Haitian style baked sweet potatoes

Today’s recipe features our local sweet potatoes, which I have oven-roasted, mashed and reduced to a puree topped with prepared cod.

– Annick, you don’t eat sweet potatoes?

– I am not a fan. It’s a bulb one can easily choke on.

– Choke on sweet potatoes!?! what are you talking about?

– She’s right; you can choke  if you’re not careful how you eat them

– Whatever you guys say…

This conversation is commonplace between my dad, my mother and I. It happens every single time sweet potatoes are featured on the menu.

To this day, my father still can’t seem to understand why I often frown upon sweet potatoes, a bulb he has a seasonal fondness for. Seasonal because once or twice a year he seems to develop an obsession for them. For two weeks at a time, he will only buy those bulbs, and request that they be included on every menu regardless of our opinion.

It’s not that I actually dislike sweet potatoes. I’m simply not as big a fan as my dad is.

Truth be told, as the above conversation states, I find our sweet potatoes difficult to eat. They’re one of those rare bulbs that feel very dry, and require lots of water to go down.

Their dryness probably comes from the fact they are very starchy, perhaps even starchier than other varieties.

Our local sweet potatoes are different from the most commonly sold and presented orange-fleshed ones. Unfortunately, it is difficult for me to pinpoint the exact variety they belong to. They do, however, in my opinion based on an online search, seem to be akin to some of the Japanese varieties.

Haitian sweet potatoes, if I may call them that, have an outer skin that is more on the pinkish side of the color spectrum, though it can sometimes be beige as well. They boast a cream whitish colored flesh, which turns grey once the bulb is cooked.

Haitian sweet potatoes have an outer skin that is more on the pinkish side of the color spectrum. | tchakayiti.com

Their starchiness only seems to disappear when they are grated and baked into our famous pain patate, also known as Haitian pain patate (sweet potato pudding), my favorite way of eating this bulb.

You must be wondering why I am serving you baked sweet potatoes today.

The answer is simple. I was curious to find out whether they would acquire a different texture or not when pureed. Turns out they do.

Our oven-roasted sweet potatoes seem to lose their starchiness, thus their dryness. With the added cream and cheese, they acquire a silky-smooth texture that resembles that of a mash potato. Since they’re baked in their skin, they also have a pleasant smoky flavor.

In my opinion, these mashed Haitian sweet potatoes are the perfect accompaniment to my prepared cod.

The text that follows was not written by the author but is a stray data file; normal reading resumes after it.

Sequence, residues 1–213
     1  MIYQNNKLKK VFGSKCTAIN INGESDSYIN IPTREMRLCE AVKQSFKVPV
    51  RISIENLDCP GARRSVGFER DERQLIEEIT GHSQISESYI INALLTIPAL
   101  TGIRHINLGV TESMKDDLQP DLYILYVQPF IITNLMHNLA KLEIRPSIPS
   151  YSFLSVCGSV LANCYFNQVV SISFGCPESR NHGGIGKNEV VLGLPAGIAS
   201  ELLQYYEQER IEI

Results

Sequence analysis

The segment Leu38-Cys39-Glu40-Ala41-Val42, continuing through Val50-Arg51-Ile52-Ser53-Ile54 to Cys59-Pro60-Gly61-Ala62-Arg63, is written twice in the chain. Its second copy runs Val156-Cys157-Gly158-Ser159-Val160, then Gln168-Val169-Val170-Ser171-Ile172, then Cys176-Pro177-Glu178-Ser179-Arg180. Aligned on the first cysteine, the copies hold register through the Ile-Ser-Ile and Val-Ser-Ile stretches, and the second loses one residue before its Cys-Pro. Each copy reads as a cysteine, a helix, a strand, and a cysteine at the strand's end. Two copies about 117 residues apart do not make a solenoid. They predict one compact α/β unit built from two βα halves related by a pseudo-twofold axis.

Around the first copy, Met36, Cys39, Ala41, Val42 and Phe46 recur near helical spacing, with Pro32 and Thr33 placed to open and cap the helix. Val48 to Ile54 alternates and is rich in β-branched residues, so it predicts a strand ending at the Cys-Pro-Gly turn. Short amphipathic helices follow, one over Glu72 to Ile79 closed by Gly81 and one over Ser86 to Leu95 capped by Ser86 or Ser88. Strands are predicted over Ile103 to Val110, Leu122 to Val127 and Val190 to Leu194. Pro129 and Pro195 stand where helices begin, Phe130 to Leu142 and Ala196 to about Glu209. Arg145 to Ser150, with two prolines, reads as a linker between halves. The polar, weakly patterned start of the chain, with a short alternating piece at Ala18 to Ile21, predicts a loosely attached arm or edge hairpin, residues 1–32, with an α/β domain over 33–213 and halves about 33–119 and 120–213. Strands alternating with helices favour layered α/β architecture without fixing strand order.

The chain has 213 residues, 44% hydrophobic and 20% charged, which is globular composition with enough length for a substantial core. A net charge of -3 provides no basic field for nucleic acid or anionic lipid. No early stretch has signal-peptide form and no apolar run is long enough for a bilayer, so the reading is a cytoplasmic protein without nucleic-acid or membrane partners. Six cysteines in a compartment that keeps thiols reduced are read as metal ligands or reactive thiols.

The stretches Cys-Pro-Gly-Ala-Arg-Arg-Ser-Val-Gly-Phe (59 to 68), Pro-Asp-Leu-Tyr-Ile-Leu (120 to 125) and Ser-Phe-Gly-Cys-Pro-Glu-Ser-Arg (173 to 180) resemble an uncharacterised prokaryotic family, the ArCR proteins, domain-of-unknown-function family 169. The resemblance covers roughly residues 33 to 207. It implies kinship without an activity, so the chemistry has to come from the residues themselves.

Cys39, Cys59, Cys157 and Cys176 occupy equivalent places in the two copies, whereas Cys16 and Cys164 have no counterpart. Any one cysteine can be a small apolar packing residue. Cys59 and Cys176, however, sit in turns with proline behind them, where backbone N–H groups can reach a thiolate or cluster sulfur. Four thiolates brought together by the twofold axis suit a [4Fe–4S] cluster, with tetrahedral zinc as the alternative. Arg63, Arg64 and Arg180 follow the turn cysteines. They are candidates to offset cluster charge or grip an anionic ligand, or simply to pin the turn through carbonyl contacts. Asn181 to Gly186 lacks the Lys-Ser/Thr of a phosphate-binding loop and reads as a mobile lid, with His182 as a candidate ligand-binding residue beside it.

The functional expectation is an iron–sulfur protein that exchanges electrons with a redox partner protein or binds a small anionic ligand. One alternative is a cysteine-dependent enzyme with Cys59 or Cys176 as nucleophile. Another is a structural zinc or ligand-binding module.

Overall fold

These Haitian sweet potatoes are oven-roasted, mashed and reduced to a puree topped with prepared cod. | tchakayiti.com

At first glance, this particular recipe may not look like your typical Haitian dish. Yet, it is merely a personal take on a typical meal I revisited: cod fish and “vivre.”

I hope you’ll enjoy it.

This Haitian sweet potato is oven-roasted, mashed and reduced to a puree topped with prepared cod. | tchakayiti.com

Haitian style baked sweet potatoes pureed and stuffed with prepared cod

This recipe features local Haitian sweet potatoes, which are oven-roasted, mashed and reduced to a puree topped with my prepared cod.
5 from 2 votes
Cook Time 2 hrs
Servings 2


To bake the sweet potatoes

  • 1/2 lb sweet potatoes
  • 1/2 tsp salt
  • 1 or 2 tbsp olive oil

For the puree

  • 1/2 cup grated Tête de Maure or sharp cheese
  • 1/4 tsp salt or to taste
  • 1/4 tsp pepper or to taste
  • 1 tsp garlic powder or to taste
  • 20 cl cream

For the creamy topping

  • 1/4 cup cream
  • salt to taste
  • pepper to taste
  • 1 or 2 garlic cloves

For the garnish

  • Green onions
  • Parsley
  • Brightened shallots


For the baked sweet potatoes

  • Wash the sweet potatoes
  • Pat them dry
  • Poke them with a fork and coat them with the olive oil and salt
  • Wrap in foil
  • Place them on a baking sheet lined with parchment
  • Bake for about 1h30 minutes or until fully cooked
  • Let cool

For the creamy sauce

  • While the sweet potatoes are cooking season the cream with salt, pepper and garlic
  • Keep that cream cool in the fridge

Putting it all together

  • Once the sweet potatoes have cooled down, cut a thin opening in the skin, and take out the flesh without ripping the skin out. Preserve the outer skin. You'll stuff it with the sweet potato mash
  • Mash the flesh into a puree 
  • Season with salt, pepper, garlic and cheese
  • Add the cream
  • Mix until the puree acquires a smooth texture
  • Fill the preserved skin with the mashed sweet potato
  • Finish with my prepared cod or with the topping of your choice
  • Garnish with green onions and brightened shallots
  • Drizzle that mixture on top of your mashed sweet potatoes
  • Serve


Though I indicate proportions, you can definitely adjust the seasoning according to your taste. These proportions work because I added the prepared cod,  which is already salty and rich in flavors. That recipe is on the blog. 
Please note that the pleasant smoky flavors will disappear as your mashed sweet potatoes get cooler. If you like the smokiness as much as I do, I thus recommend that you serve your sweet potatoes while they're still warm.
Keyword cod, food blog, haiti, haitian food, recipes, salt fish, sweet potatoes
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1 Comment

  • Martine Romain Megie

    5 stars
    All recipes on Tchakayiti are good. You must give them a try!!!!

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